I am sure that most of you have heard the term, fight or flight response. It’s kind of a buzz phrase these days. It refers to our body's primitive, automatic, inborn response that prepares the body to "fight" or "flee" from perceived attack, harm or threat to our survival. When something scares us, like say a lion comes running towards you, our body and nervous system tells us, “Hey man, this is scary, RUN!!!!!!!” or it says, “We can take on that kitten, FIGHT!!!!!!!” Then it proceeds to give us the extra umph (adrenaline, cortisol, CRH and noradrenaline) that we need, in order to do either response. Our breathing rate is increased, our blood is moved from our digestive tract into our muscles and limbs to prepare us for battle, our pupils dilate, our impulses quicken and our perception of pain diminishes. We become hyper aware and start to perceive everything around us as a possible threat to our survival. Our fear becomes exaggerated and our thinking distorted. It is by fighting (physical exertion) or fleeing (also quite physical) that we are able to calm down and our systems are able to return to normal. Our breathing rate settles and our blood goes back to our digestion. The lens through which we see the world opens and we move away from attack mode.

This works out really well for us when we are being chased by lions or confronted by a bad guy. It doesn’t work out so well when we are stuck in traffic or being scolded by our boss or late for a deadline. Those are the threats we experience today and because we can’t flee from traffic or fight our boss, we freeze. The stressors of today tend to build up because we aren’t fighting or fleeing. When we freeze we are more attuned to feel even more stress because we are never able to let go of our attack mode.

Being stuck in attack mode sucks. It doesn’t feel good to be constantly on the prowl for danger, never able to relax or let go. It also sucks for your waistline.

When the stress first occurs our appetite is suppressed (so good so far) and the digestive system shuts off temporarily. Adrenaline and cortisol help mobilize carbohydrate and fat for quick energy. However, when the immediate stress is over, the adrenaline dissipates and the cortisol lingers to help bring the body back into balance. And one of the ways it gets things back to normal is to increase our appetites so we can replace the carbohydrate and fat we should have burned while fleeing or fighting.

Ok, so what are we supposed to do about it Sarah?

Here are my thoughts: Firstly you can work on lowering your stress levels. That can be done with mindfulness, breathing exercises, yoga, meditation etc. You can also lower your stress response by changing the way you look at stressful situations. The glass half full people are often less stressed. Or you can do what nature intended and use up those hormones when stress hits.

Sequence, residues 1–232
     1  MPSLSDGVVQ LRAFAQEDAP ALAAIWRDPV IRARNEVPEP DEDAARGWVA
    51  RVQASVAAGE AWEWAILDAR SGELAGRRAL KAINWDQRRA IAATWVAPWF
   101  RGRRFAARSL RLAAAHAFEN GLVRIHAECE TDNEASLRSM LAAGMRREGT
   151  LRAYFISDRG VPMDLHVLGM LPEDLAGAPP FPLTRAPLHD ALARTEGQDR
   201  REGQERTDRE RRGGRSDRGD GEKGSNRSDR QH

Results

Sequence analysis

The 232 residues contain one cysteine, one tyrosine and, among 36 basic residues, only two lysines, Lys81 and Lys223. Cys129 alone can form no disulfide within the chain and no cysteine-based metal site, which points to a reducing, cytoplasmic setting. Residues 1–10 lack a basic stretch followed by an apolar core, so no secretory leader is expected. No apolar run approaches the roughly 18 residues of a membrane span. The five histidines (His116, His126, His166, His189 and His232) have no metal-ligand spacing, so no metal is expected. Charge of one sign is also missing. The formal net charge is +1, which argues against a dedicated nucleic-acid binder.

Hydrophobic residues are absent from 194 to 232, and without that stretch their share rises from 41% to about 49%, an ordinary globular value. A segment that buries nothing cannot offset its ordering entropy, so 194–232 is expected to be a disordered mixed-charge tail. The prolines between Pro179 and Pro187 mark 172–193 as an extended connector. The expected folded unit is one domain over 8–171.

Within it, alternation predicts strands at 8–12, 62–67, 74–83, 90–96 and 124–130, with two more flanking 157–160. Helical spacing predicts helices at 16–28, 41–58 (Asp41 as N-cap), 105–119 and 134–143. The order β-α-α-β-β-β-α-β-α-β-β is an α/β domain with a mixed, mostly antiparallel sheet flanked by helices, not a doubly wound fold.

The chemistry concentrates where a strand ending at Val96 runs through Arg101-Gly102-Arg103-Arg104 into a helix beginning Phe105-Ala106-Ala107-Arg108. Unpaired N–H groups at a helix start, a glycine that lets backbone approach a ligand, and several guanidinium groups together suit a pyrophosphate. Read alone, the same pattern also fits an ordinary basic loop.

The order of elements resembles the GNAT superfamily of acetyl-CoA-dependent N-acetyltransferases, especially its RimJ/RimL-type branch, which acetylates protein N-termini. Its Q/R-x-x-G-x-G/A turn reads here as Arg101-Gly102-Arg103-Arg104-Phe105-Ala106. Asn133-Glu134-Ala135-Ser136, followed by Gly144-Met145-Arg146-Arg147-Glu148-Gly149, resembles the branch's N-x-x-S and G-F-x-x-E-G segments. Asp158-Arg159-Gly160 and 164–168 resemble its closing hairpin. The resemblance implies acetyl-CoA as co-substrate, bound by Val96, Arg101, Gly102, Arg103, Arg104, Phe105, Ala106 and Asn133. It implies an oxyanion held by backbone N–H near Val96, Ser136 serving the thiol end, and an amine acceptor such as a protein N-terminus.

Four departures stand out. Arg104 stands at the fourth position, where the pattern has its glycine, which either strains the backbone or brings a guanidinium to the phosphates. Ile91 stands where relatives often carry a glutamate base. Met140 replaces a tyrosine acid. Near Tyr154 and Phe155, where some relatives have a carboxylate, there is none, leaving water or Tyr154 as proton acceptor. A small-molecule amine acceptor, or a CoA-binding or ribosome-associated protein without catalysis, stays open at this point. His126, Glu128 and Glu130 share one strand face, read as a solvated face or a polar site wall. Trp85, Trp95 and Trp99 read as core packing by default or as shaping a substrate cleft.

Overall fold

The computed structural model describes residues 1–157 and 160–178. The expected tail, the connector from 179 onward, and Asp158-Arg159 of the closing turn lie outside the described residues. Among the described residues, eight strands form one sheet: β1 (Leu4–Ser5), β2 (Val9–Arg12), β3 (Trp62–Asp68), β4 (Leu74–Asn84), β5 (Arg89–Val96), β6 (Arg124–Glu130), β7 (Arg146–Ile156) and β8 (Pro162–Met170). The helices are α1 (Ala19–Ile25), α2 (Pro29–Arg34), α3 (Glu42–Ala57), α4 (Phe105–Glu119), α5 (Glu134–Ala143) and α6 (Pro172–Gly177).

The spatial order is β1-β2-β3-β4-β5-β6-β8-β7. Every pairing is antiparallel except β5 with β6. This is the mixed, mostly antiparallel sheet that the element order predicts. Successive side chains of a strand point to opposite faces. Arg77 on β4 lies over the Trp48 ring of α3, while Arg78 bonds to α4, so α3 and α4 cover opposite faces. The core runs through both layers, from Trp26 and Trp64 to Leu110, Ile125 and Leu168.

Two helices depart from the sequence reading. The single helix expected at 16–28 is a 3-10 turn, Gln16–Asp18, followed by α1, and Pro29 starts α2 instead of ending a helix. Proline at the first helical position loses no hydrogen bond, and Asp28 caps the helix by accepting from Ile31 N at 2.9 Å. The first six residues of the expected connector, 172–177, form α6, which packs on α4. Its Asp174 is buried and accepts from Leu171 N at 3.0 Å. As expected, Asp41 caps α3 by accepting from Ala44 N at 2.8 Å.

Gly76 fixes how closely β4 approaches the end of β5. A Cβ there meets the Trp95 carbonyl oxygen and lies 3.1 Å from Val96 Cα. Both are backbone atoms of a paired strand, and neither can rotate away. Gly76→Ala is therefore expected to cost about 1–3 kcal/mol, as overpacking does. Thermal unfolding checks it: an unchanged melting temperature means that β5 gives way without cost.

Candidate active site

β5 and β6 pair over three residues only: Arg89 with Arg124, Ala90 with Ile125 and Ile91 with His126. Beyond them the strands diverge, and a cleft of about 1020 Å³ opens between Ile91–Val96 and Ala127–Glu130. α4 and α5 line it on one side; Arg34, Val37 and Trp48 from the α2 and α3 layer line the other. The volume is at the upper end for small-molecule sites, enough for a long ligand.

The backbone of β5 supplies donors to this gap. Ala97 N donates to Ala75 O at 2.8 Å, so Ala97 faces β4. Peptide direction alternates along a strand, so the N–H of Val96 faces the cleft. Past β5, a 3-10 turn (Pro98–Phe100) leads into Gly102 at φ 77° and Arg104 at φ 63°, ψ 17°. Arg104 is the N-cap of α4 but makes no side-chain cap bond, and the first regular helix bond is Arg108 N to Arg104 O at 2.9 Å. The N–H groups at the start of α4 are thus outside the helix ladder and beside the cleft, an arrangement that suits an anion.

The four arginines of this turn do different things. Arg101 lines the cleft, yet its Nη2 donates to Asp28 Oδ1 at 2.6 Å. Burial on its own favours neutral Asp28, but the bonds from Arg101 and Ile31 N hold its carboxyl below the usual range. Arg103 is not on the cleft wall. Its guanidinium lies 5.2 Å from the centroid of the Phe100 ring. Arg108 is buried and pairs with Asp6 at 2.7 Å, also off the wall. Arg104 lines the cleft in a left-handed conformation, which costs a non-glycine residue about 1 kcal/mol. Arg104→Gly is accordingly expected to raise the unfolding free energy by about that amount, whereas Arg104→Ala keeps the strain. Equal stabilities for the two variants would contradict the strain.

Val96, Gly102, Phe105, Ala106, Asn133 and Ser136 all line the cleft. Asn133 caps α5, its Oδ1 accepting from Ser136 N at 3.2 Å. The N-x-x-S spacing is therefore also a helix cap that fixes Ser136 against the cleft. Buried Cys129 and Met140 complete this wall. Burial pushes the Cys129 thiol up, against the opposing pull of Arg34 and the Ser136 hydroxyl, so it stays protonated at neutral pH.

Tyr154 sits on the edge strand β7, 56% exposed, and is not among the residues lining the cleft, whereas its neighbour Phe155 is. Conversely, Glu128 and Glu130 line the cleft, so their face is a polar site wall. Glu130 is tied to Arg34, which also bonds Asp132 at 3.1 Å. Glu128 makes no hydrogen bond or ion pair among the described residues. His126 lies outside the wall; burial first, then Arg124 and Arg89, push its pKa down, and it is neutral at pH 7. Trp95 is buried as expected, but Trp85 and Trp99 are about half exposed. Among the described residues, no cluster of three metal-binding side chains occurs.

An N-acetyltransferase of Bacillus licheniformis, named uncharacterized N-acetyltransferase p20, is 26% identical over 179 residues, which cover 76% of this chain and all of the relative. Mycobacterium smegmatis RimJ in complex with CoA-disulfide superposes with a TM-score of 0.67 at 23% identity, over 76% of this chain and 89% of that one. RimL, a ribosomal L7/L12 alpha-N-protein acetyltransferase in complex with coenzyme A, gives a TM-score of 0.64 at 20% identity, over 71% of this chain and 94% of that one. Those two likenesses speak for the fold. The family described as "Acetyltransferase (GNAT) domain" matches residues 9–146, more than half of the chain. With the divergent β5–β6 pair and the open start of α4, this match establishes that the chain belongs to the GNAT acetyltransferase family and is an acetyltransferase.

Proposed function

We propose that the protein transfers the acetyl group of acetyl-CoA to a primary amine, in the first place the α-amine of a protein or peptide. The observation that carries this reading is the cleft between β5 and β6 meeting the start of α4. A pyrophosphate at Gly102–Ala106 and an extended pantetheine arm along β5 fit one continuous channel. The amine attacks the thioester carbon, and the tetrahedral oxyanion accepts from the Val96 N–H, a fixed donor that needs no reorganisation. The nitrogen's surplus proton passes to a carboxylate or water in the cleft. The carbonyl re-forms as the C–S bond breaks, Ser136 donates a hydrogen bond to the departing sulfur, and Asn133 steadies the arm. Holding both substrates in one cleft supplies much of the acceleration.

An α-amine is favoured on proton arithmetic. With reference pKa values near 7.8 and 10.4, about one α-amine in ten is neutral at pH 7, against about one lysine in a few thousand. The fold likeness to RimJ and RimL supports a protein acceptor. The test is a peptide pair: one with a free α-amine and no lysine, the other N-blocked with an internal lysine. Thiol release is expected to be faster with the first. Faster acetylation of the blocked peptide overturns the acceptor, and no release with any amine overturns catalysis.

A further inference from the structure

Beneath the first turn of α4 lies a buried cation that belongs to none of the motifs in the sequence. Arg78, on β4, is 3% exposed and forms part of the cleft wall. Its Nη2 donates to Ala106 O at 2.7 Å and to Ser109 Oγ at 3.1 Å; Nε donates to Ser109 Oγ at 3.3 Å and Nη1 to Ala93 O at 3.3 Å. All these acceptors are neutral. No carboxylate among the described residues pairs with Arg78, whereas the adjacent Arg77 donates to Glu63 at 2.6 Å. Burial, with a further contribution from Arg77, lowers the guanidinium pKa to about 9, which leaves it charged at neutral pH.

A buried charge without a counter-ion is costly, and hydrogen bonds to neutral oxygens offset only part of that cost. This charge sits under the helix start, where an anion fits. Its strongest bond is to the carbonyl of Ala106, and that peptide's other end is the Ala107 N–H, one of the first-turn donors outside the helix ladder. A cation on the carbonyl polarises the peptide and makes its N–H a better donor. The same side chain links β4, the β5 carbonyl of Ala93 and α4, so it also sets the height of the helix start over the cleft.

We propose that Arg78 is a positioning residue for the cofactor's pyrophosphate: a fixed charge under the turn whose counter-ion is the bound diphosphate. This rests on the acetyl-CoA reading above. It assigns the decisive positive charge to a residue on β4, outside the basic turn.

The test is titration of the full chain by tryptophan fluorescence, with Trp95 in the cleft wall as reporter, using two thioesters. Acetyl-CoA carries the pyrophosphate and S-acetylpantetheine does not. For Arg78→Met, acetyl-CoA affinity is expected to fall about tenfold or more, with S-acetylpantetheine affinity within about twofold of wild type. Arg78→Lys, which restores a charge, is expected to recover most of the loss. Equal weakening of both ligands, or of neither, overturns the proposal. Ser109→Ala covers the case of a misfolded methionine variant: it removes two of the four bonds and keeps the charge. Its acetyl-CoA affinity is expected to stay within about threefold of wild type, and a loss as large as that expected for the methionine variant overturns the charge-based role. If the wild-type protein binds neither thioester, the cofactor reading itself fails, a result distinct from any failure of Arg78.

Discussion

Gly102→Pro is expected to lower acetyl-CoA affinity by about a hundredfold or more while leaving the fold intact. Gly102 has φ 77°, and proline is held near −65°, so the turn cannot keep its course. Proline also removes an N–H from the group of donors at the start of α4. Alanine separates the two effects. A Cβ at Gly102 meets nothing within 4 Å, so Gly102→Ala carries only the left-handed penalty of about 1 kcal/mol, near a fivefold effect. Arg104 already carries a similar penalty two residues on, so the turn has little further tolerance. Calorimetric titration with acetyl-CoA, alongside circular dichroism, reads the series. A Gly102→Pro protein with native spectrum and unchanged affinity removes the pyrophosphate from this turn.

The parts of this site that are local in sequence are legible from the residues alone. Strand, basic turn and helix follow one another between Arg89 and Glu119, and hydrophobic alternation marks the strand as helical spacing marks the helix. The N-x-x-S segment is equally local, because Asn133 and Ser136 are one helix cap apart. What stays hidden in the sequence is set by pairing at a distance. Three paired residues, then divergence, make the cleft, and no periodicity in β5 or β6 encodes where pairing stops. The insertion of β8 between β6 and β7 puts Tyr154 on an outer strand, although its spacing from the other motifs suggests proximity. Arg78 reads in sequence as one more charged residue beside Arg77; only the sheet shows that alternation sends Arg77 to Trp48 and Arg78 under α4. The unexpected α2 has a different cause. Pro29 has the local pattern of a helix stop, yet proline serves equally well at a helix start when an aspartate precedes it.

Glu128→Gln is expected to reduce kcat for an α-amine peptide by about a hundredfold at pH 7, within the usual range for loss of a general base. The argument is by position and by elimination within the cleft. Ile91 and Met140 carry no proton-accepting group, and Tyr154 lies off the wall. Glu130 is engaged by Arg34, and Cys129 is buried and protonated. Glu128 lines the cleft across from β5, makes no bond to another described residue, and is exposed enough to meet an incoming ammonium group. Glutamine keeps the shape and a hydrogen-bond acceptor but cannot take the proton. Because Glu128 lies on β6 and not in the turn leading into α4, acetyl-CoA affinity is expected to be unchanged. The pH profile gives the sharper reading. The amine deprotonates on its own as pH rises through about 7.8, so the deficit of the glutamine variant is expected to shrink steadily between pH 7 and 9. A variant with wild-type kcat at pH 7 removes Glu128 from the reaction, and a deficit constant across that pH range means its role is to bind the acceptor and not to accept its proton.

I am not saying that it is a good idea to punch your boss, get into a fender bender during rush hour traffic or run away from your spouse during an argument. I am saying it could really help, if after you smile courteously at Mrs. CEO for her valuable insight, you immediately walk as fast as you can around the building or take 2 steps at a time all the way to the 10th floor. Or perhaps after sitting in your car for what felt like an eternity you do 20 jumping jacks before you do anything else. When you start to worry about bills, instead of sitting around worrying (because we all know that works really well) go for a jog, or dance in your living room or do 10 push-ups or clean the bathroom (hey it’s exercise). The point is that you do something physical to get the fight or flight out of your system.

Recently a client told me a story of how she was almost hit by a car as she crossed the street. Naturally as she backed up onto the sidewalk she was a little worked up. Instead of carrying that fear around with her for the rest of the day she moved her arms back and forth as fast as she could as if she were running in place. She did this for about 1 minute and then she crossed the street. She said that normally something like that would have left her shaken all day, but after exerting herself, it didn’t cross her mind again.

I know that some of you may be thinking, I don’t have time to go for a walk, or I don’t want to get sweaty in my work clothes or I don’t want to look like a crazy person. Please, get over yourself. If you weren’t so caught up in the stress response you probably wouldn’t be on the defensive. Let go of the armor and go for a walk.

Be Good to your Body, it’s where you Live